Using biotechnology to fight pollution is the challenge for a European Union research project. Under the spotlight – a specific kind of moss.
At the University of Freiburg in Germany, a team of biologists is growing moss, in a controlled environment. Mosses are especially well suited as bio-indicators for airborne contaminants as they have no roots and a very high surface-to-mass ratio.
Eva Decker, of the university’s Faculty of Biology, explained: “We use moss, because, by mass, it has a huge surface area. You can see all the structures and it can clean the dirt particles out of the air. Moss has shoots or spores, and from one of these spores you can grow a new plant. And using these spores we started to cultivate new plants in the laboratory.”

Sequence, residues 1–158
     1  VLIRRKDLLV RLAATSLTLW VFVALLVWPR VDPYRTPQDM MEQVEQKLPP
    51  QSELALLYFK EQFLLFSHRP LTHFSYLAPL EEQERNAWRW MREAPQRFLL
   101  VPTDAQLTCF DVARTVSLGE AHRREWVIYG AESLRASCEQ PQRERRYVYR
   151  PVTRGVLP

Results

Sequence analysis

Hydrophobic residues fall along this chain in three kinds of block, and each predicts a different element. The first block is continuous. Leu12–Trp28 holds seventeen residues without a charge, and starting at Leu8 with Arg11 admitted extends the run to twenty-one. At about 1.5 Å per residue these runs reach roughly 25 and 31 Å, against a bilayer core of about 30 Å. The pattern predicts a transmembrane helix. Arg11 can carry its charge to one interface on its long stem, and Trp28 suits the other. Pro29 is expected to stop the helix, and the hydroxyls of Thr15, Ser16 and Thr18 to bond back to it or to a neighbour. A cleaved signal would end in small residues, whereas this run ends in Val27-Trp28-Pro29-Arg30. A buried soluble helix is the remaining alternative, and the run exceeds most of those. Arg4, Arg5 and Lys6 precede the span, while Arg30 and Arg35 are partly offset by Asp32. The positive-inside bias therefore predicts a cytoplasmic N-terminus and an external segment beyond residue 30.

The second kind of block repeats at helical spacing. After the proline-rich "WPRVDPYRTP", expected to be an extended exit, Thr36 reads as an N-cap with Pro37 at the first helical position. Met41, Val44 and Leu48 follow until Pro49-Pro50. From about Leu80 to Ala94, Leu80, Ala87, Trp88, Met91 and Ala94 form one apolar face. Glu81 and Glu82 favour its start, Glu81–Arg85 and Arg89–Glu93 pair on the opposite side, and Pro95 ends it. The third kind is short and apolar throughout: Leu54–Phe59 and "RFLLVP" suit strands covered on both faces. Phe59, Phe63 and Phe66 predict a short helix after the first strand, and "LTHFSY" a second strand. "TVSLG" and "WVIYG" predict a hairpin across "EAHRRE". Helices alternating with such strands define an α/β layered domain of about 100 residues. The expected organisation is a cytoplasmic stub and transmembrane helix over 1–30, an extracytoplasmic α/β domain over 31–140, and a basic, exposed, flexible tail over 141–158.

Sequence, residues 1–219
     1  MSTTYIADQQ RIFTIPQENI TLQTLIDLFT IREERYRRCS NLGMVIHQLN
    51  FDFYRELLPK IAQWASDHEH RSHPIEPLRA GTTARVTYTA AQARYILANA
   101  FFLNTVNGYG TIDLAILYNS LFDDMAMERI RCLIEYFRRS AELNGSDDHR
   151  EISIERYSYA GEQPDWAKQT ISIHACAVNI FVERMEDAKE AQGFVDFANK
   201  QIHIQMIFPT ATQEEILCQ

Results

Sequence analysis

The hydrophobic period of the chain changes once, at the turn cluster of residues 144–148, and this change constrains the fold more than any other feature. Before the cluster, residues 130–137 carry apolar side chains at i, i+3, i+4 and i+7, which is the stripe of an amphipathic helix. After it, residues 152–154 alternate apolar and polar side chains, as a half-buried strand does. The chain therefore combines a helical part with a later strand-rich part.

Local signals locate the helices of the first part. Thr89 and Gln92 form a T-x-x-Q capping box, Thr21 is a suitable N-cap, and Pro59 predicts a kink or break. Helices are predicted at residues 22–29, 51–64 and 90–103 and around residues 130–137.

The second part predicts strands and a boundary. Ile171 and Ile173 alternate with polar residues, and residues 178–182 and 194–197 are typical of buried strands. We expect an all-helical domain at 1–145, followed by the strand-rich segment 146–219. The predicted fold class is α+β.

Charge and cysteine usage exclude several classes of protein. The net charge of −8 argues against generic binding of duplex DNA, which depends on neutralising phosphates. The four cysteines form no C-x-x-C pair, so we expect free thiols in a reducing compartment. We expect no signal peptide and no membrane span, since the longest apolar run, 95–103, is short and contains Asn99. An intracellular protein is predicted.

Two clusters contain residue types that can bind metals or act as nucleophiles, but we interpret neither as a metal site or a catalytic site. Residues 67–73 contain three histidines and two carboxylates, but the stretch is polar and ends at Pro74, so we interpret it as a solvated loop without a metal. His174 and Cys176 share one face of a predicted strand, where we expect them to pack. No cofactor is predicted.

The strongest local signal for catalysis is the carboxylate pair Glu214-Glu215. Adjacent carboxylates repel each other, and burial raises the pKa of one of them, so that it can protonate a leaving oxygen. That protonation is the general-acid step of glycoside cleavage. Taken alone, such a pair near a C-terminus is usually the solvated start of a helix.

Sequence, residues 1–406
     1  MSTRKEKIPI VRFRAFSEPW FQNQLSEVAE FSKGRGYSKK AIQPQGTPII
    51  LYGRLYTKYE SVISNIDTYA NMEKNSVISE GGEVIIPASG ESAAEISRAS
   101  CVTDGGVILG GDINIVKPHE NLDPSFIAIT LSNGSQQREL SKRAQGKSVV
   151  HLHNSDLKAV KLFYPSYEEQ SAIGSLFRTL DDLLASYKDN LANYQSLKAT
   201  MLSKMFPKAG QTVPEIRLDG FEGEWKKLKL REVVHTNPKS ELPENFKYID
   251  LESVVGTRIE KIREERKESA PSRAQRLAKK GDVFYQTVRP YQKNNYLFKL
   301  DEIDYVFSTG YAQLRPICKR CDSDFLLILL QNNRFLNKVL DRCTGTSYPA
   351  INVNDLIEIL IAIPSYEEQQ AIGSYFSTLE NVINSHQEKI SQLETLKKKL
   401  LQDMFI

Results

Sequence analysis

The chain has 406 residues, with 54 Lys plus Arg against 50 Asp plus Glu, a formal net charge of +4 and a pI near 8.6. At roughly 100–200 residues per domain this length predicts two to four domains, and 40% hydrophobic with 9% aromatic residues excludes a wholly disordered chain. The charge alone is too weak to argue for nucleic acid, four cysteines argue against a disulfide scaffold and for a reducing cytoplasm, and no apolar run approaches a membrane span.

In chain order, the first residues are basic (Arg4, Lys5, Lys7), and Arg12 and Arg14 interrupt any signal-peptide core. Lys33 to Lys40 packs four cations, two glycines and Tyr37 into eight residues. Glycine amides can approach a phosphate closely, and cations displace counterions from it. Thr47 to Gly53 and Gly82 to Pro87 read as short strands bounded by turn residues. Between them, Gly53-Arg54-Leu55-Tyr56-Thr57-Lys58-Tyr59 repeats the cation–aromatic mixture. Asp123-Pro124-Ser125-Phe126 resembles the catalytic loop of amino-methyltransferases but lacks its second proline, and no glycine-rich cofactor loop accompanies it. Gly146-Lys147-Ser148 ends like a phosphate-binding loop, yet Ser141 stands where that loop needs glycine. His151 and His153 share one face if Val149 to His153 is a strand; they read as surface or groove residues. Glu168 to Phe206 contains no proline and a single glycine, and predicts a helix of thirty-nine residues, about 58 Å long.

The moss plants are transferred to air-permeable bags, then moved to monitoring stations at a variety of different European locations where they absorb pollutants from the air.
This approach, combining molecular biology and material sciences with ecology and bionics, could be, in the future, extended to other critical environmental contexts.